Fiction

Nobody Knew

Nobody knew the things about you that I knew. I knew where you were that time when you called and asked if I knew where you were. I said I didn’t, but I did. The connection was good enough that I didn’t even have to pretend it sounded like a local call and not like a call from London.

Which is where you were.

With your girlfriend.

Your wife was here. As was your son.

It seemed better to let you think I was clueless. If you were perceptive enough, you might have noticed I answered a little too quickly. And if you did notice, that was fine, too. Nothing wrong with introducing a seed of doubt into your already paranoid mind. That seed of doubt was my job security.

There is a point in an affair when you realize that it is not just a flash in the pan. You realize you’re going to have to start covering your tracks because you’re going to keep leaving them. Who might know? Who can you safely tell? Where can you be together with your other that your partner won’t know?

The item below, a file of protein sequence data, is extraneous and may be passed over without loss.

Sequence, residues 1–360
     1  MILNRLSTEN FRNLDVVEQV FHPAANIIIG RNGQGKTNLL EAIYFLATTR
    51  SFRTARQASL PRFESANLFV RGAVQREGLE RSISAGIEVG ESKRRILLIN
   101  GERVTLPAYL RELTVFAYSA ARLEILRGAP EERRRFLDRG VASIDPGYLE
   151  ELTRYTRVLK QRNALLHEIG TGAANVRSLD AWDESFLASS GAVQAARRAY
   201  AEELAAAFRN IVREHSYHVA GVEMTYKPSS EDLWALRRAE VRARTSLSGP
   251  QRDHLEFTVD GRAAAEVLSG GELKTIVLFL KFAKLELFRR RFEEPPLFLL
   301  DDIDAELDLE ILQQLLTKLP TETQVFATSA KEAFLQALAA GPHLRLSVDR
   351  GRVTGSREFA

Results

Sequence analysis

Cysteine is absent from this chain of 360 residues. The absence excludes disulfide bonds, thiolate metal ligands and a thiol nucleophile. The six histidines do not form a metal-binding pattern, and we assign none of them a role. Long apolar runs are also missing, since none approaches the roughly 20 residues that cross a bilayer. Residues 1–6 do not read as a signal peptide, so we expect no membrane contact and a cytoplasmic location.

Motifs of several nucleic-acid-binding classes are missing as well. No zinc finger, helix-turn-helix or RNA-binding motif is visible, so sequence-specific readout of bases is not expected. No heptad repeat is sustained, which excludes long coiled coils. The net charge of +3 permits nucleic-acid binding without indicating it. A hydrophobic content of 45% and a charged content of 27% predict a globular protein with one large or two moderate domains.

On the one hand I had to give you credit. London was far from San Francisco. No chance of running into your wife there. But on the other hand, 5400 miles is a very long track to cover, and the paper trail is thick as well. Ticket receipts. Hotel receipts. Passport stamps.

And then your wife found a pound coin in the wash a week after you got home. How did that get there? Nobody knew.

But I did.

A local fellow who likes words, among other things.